At the south part of the city of Chios is Kampos, which has its origin in the era of Genoese sovereignty on the island (1346-1566 AD).
Unique in Greece, Kampos is a historical and cultural set that has so far maintained its particular identity. Behind tall stone walls, the visitor discovers orangeries, magnificent buildings with imposing staircases, cisterns and wells with treadmills.
The Genoese who organized the trade of mastiha in Mastichochoria started in Kampos the systematic cultivation of citrus fruits trees. Genoese nobles, titled Byzantines and rich local merchants in a period of about five centuries (until 1822) comprised the strong elite with courtesy titles, coats of arms and presence in international trade, built in Kampos their summer residences and shaped by the harmonious combination of residence and production, a unique environment to live and work.
Chios and Kampos knew great economic and social development during the 17th and 18th century. In 1822, however, during the slaughter of the habitants of the island by the Turks, Kampos was desolated, looted, the owners of the properties spread in the world and the orangeries passed to other hands. The devastating earthquake of 1881 demolished all the towers and in the years that followed the area revived, nice new houses were built at their place in the frames of an overall resurgence, before and after the liberation and unification of the island with Greece in 1912.
Today, Kampos retains its basic characteristics (orangeries, stonewalls etc.) and its liveliness. However, the damages of old mansions, the deterioration of the natural environment and the problems in production is evident, despite the efforts made and the legislative measures taken to protect it.
The visitor who will wander the narrow roads, will be sorry for the abandonment, but he will be also happy to see the restoration of many fine houses.
He will admire magnificent doors, pebbled courtyards, elaborate belltowers. His soul will be stirred from the beauty of stone and the art of the people. And he will find that Kampos carrying the past of so many centuries, remains a haven of peace and quiet.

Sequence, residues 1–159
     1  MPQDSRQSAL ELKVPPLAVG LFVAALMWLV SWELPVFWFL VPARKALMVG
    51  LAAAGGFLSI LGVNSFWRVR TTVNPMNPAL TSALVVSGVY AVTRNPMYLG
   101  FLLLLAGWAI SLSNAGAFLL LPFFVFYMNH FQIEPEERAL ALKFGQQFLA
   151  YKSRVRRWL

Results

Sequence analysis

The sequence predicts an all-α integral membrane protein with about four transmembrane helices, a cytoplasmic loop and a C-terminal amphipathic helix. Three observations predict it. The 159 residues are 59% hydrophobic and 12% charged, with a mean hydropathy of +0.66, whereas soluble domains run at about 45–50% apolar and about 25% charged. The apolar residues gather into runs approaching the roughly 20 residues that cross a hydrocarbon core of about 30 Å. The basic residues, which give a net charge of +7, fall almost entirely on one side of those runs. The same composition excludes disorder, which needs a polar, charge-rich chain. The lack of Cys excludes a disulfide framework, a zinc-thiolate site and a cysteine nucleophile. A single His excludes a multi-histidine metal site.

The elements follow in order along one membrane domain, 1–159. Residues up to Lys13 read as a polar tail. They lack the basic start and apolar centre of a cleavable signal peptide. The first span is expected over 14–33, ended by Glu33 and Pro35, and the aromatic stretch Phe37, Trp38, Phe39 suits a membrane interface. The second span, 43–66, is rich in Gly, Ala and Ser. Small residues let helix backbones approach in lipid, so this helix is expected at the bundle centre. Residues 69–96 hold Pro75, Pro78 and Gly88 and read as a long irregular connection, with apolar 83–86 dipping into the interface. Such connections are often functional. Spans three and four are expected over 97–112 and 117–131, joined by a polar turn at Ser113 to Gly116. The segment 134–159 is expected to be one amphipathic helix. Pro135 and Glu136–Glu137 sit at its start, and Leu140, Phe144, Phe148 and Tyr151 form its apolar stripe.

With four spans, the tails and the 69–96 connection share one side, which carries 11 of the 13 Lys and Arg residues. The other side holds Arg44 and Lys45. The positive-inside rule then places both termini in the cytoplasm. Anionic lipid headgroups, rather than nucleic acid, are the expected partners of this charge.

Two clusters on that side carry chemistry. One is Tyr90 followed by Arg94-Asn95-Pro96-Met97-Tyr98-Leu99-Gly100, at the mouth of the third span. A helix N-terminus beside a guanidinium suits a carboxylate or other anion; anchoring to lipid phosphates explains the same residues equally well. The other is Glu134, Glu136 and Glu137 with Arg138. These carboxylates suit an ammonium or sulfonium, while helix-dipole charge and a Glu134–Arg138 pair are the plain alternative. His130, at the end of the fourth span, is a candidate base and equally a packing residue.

Kampos extends south of the city, 7 km in length, 2 km in width and it’s crossed by the streams Kokkalas and Parthenis. It is divided in medium size orangeries with a complex network of narrow roads and tall stone walls. A green sea of orange, mandarin, lemon trees, but also of olives, tsikoudies, almonds.
The charm of a walk in Kampos is out of the main road, in the quiet narrow roads, wherein the visitor behind the tall stone walls can see only the tops of the trees, hear the sound of water and breath, especially in the spring, the heady fragrances of the blossomed citrus fruits.
When the gate opens, a paved or pebbled courtyard is revealed, a spacious outdoor area of daily life and work, with large shady trees, as Koukounaries, walnut, linden trees, flowers, well, cistern, terraces and then follows the orangery itself.
This operational model that connects closely the house with the production, is repeated with slight variations in each property in a total of about 200, which over the years were divided into many more.
All this, combined with the stone walls of the orangeries with the same stone houses, enriched by architectural and artistic values, is a set of historical, architectural and environmental value of great importance for Greece.
The first houses in Kampos (of the Genoese period) were towers. During the 17th and 18th century these buildings were converted into magnificent mansions that were still characterized as «towers». They were tall buildings with roofs (of 2-3 floors), which both, the sides and the architectural elements were built with the well known local stone from the nearby village Thymiana.
The main rooms (salon and bedrooms) were in the upper floors, while in the ground floor and in neighbouring small houses there were all the other auxiliary places (stores, workplaces, etc.).
The most representative feature of the towers were the magnificent courtyard doors with each family’s coat of arms on the key of the arc. Although the architecture of these houses has been influenced in terms of the forms and the ways of construction by Byzantium and West Europe, it has its own special character.
The decorative elements, mainly sculpture on marble, of excellent folk art, is found on the coats of the entrances, on the cistern, the well, the pillars. But also, the local stone, the so called «thymianousiki petra» gave wonderful examples of art, on the stairs, the benches, the doors and windows ways. Thus, the orangeries of Kampos became a whole world with perfect constructions, monumental forms, artistic decorations that reflect with its own personal way the wealth and the prestige of the society which lives in it.
After the earthquake of 1881, which demolished nearly all the towers of Kampos, new houses of one floor were built on the remains of the old towers ground floor. These houses, built from the same stone with the old buildings were satisfactory adapted to the character of the area and formed a new phase in the architecture of Kampos.
The buildings of recent decades in Kampos are diverse in form and they have distinctive trends in their architecture. So far, it has not been possible to shape up the features of the new model in Kampos. It is worth mentioning some owners’ efforts, who with love and sensitivity, devote their money and efforts in order to renovate old houses and maintain gardens, in an attempt to give hope and create new prospects for the future.
(from “Odiporiko- Kampos of Chios”
written by Fani Aneroussi & Leonidas Mylonadis)
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